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A Torah Commentary on First

 Corinthians 7-12:

 

Interpreting the Text in Light of

Its Old Testament Roots

 

by

Roland H. Worth, Jr.

Richmond, Virginia

 

© 2011

 

 

 

Reproduction of this book for non-profit circulation by any electronic or print media means is hereby freely granted at no cost—provided the text is not altered in any manner. 

 

If accompanied by additional, supplemental material—in agreement or disagreement—it must be clearly and visibly distinguishable from the original text.

 

 

 

All scripture quotations, unless otherwise indicated, are taken from the New King James Version®.  Copyright © 1982 by Thomas Nelson, Inc.  Used by permission.  All rights reserved.  

 

 

 

 

 

 

 

 

 

 

 

Preface  . . . . . . . . . . . . . . . . . . . . . . . . . . . . . . . . . . . . . . . . . . . . . . . . . . . . . . . . . . . .   1      

 

 

 

 

Chapter Seven   . . . . . . . . . . . . . . . . . . . . . . . . . . . . . . . . . . . . . . . . . . . . . . . . . . . . .   3

 

Themes Developed  (3)

 

Old Testament Precedent for the Themes of This Chapter (16)

 

            Explicit Quotations:  None

 

            Possible Allusions/Similar or Parallel Concepts (17):

 

                        7:1:  “Touch[ing] a woman” as a euphemism for a sexual touching (17). 

                        7:1, 7:  Adopting a life of celibacy (17).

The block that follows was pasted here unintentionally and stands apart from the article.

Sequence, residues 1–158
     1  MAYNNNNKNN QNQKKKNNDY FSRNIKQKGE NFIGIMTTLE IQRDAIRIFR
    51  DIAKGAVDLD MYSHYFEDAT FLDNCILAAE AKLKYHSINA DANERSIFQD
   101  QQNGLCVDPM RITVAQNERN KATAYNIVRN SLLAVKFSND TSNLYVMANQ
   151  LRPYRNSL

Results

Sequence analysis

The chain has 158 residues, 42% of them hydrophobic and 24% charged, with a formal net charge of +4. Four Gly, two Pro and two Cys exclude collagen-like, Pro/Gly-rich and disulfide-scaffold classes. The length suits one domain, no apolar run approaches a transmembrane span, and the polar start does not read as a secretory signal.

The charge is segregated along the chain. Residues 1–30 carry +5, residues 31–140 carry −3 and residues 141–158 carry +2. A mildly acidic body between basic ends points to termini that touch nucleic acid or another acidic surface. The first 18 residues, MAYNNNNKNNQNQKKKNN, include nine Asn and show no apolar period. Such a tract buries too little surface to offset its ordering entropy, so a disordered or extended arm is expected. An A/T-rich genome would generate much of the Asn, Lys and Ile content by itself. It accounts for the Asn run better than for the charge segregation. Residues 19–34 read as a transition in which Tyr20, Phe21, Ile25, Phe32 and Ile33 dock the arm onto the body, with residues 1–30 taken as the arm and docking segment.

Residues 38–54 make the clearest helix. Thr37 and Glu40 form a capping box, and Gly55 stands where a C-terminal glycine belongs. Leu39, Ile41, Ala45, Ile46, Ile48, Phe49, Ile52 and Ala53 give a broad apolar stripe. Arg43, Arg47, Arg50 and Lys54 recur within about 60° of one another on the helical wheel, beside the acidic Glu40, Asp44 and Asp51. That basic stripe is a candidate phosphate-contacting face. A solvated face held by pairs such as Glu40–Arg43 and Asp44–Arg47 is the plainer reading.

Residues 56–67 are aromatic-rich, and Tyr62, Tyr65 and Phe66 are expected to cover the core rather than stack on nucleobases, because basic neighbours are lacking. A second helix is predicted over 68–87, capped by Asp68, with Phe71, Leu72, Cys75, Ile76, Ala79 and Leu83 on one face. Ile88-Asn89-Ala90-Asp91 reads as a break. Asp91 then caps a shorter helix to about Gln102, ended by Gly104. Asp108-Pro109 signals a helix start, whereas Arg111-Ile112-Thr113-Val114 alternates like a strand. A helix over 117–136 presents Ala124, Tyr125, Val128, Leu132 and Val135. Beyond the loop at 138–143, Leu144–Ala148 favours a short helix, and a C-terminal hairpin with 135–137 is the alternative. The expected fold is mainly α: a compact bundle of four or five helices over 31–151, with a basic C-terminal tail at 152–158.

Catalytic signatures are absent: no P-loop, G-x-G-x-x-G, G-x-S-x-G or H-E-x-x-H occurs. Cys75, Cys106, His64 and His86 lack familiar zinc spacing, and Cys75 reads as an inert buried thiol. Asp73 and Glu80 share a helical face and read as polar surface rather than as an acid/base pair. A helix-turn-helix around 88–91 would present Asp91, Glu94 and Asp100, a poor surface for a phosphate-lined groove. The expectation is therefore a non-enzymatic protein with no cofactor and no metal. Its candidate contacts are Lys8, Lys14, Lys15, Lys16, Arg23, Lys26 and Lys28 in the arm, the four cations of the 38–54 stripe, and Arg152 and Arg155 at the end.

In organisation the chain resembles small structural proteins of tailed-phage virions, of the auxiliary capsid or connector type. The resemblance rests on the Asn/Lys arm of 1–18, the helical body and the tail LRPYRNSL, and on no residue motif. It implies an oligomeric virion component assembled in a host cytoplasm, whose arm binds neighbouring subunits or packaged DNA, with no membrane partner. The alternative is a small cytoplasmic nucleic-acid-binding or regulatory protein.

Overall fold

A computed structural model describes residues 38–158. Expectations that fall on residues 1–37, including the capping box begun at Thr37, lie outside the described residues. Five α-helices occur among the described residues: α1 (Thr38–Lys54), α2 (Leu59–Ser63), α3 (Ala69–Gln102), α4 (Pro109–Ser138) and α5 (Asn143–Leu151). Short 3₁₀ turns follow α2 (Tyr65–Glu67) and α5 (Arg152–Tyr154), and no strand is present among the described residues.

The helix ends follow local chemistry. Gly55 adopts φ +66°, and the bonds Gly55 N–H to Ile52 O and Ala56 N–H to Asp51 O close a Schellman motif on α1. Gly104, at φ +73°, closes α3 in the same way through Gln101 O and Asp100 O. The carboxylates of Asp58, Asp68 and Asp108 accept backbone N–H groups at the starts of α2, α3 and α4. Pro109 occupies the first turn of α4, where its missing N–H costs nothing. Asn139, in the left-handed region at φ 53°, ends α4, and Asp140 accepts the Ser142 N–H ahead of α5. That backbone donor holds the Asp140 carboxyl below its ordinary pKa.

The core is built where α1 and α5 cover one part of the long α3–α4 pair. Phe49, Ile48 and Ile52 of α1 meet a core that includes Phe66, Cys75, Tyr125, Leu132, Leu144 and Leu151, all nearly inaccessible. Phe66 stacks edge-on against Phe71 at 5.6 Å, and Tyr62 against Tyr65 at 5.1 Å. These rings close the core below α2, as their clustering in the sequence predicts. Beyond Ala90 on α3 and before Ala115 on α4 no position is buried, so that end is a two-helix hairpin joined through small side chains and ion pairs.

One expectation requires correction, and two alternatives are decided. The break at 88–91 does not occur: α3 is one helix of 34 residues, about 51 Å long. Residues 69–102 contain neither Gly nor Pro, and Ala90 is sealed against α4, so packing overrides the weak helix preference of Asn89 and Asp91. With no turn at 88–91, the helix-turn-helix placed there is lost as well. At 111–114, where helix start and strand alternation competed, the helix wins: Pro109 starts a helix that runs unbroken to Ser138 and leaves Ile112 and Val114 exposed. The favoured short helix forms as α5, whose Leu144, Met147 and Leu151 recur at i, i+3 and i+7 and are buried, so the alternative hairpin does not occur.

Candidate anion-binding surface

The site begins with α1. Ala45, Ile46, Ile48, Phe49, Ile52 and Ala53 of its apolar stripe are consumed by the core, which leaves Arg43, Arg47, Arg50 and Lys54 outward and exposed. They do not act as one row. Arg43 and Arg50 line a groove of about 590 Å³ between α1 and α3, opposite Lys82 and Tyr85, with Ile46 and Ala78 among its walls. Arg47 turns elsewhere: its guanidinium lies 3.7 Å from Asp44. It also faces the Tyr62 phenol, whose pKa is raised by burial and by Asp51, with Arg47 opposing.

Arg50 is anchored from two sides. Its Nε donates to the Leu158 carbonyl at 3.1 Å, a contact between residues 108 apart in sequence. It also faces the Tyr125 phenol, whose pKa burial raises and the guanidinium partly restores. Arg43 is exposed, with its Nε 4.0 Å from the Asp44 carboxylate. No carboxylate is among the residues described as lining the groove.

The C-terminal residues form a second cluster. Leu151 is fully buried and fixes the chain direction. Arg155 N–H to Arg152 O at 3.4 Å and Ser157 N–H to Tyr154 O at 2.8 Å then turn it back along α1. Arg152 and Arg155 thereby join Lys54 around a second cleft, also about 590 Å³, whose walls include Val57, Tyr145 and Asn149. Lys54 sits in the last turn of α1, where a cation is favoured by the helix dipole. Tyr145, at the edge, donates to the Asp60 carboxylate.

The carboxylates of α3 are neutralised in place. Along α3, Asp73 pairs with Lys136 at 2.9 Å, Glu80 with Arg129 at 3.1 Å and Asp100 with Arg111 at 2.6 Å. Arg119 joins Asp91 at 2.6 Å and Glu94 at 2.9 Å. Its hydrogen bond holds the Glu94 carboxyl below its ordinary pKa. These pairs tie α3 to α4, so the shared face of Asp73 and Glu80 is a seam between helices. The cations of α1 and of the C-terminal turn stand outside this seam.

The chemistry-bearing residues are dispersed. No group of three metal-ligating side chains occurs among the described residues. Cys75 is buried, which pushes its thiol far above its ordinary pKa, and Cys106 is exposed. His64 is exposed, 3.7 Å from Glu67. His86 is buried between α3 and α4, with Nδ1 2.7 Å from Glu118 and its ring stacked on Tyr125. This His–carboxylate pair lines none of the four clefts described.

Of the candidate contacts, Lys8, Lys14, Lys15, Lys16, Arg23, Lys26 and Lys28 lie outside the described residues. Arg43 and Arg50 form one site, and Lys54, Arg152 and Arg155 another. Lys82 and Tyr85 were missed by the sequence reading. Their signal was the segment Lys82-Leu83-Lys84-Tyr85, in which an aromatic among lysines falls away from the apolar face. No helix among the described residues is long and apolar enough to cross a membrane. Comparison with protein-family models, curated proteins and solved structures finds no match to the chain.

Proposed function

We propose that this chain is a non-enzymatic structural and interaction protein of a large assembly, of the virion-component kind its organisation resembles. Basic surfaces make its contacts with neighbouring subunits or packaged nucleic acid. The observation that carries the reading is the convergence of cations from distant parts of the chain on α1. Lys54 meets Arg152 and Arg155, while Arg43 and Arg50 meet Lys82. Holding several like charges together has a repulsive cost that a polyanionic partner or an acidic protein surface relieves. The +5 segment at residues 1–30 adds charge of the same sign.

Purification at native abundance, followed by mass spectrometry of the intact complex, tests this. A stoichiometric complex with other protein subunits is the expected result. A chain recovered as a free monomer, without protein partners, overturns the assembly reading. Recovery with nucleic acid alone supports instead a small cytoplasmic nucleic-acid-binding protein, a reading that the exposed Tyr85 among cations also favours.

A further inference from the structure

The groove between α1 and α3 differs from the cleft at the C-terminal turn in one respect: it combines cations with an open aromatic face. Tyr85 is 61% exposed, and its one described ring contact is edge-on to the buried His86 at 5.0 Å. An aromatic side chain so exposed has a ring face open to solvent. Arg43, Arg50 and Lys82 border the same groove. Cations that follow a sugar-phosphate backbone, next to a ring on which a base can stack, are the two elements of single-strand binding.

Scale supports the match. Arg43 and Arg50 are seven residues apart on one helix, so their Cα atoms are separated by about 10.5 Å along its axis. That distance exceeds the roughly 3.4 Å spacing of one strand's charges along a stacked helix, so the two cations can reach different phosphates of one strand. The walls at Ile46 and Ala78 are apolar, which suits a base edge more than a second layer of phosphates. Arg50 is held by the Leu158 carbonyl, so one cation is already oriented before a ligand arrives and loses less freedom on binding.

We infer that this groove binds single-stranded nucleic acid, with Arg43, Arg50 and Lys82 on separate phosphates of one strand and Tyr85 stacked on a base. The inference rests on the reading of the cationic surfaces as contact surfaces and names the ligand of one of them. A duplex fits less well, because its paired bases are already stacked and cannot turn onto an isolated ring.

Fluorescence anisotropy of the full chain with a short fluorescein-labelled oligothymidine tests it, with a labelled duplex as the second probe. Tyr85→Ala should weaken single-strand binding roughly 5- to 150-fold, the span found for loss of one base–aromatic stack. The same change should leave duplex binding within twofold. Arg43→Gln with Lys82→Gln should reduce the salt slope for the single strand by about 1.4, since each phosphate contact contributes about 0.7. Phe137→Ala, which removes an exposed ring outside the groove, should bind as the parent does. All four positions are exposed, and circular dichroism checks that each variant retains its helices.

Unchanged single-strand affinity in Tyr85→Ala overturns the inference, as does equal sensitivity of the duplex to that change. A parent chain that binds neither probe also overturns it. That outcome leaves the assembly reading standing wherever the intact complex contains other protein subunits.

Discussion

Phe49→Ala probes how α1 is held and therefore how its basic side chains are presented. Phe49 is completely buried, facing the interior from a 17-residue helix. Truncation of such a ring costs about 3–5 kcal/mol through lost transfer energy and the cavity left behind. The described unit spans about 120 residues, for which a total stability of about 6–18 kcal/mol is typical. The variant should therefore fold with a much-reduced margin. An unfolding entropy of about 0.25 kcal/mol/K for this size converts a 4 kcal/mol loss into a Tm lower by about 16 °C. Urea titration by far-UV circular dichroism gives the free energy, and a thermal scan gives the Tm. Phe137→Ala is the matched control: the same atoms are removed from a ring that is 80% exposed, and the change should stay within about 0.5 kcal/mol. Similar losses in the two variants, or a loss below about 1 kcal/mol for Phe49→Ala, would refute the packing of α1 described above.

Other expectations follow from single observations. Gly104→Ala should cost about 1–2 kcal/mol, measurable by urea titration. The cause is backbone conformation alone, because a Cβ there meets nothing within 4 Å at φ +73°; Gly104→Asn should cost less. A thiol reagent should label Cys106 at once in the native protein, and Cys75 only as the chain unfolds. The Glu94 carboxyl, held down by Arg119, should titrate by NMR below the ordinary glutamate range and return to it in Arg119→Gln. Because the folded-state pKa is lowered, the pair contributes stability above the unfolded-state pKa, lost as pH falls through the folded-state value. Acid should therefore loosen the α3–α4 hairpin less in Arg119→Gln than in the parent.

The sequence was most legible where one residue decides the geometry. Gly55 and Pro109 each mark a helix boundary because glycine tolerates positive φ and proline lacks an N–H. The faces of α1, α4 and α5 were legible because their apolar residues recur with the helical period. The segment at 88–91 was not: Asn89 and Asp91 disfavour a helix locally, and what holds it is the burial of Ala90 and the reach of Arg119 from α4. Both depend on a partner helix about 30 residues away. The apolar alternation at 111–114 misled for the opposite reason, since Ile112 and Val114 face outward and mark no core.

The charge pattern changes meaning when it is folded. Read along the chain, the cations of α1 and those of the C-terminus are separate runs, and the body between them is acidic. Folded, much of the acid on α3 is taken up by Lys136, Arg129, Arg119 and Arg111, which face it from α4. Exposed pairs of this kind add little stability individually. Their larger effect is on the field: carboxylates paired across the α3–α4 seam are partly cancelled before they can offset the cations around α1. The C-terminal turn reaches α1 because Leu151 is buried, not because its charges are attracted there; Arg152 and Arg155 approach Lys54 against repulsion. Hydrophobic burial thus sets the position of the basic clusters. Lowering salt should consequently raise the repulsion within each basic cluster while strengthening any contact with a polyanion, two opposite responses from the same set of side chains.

7:2-4:  The propriety of the sexual relationship within marriage (18).

                        7:4:  The reciprocal nature of the sexual relationship (19).

                        7:5-6:  The propriety of periods of fasting and prayer postponing

the normal sexual relationship in marriage (19). 

                        7:10-12:  The assumption of the permanency of marriage among

God’s people (21) 

                        7:11:  In case of two believers separating, they are to remain

unmarried or be reconciled” to their original mate (22). 

                        7:13-16:  The propriety of a marriage with an unbeliever (22). 

                        7:16:  Remaining in a marriage with an unbeliever keeps the door

open for the partner’s conversion (24). 

                        7:19:  The primacy of obedience over the rituals of the law—

specifically circumcision (24). 

                        7:20, 24:  Remaining in the “same calling” one was in when

becoming a Christian (24). 

                        7:26:  The coming of “distress” upon God’s people (25). 

                        7:31:  Believers should “use” the benefits and opportunities of

this world” rather than “misusing” them (25).     

           

          Historical Allusions:   None 

           

Problem Texts (26)

 

                        7:1:  “It is good for a man not to touch a woman” (26). 

                        7:5:  Temporary sexual abstinence for the purpose of “fasting

and prayer” (28).